Experts said that many countries are hoarding gold because it carries little risk. The United States holds more than 8,000 tons of gold to maintain a high credit rating. By contrast, emerging economies need to further increase their gold reserves.

Increasing both private, government gold reserves

China's central bank holds a disproportionately small amount of gold which cannot satisfy its urgent need to internationalize the RMB. The bank is bound to buy more gold, but the problem is that if it invests too much in gold in a short time, gold prices will be greatly pushed up, which will inevitably cost it more money than necessary.

Jing said that it has been once again proven during the ongoing financial crisis that gold has most properties of money. Gold's money properties are not obvious in times of economic stability, but it can be treated as a hard currency in times of war, crisis or recession. China should make full use of gold’s duality, and steadily increase the share of gold in its foreign exchange reserves, so as to optimize the structure of reserves and strengthen its ability to resist financial risks. He suggested that more innovative gold investment products should be introduced to encourage people to buy gold. This way, both private and government gold reserves will be increased, and the country’s ability to handle risks and emergencies will be strengthened over time.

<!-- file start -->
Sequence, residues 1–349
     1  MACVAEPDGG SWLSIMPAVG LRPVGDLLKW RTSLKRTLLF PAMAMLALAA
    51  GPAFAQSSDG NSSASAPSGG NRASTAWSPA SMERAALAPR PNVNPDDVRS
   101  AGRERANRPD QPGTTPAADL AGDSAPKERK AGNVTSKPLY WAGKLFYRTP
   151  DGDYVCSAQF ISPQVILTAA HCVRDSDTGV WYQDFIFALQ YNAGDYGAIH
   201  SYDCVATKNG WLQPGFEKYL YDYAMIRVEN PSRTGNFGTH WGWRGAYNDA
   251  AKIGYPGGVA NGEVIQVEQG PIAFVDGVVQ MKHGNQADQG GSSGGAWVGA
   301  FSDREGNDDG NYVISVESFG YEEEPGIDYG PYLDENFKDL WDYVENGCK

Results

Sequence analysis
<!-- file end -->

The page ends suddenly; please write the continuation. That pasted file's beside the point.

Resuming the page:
Xu said that the U.S. dollar-led international monetary system will continue, and a return to the gold standard remains unlikely. The RMB internationalization will not be able to put an end to dollar dominance in the short term. At present, China's central bank may not increase the proportion of gold in foreign exchange reserves because a sharp rise in investments will definitely push up gold prices. However, the people should feel free to buy gold. In theory, it is never a bad thing for a country to increase the proportion of gold in its foreign exchange reserves.

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Lastnoble at 2011-08-21207.6.126.*
China should buy more silver. Silver has industrial value as well as monetary metal. Gold is just a way to absorb excess excess liquidity.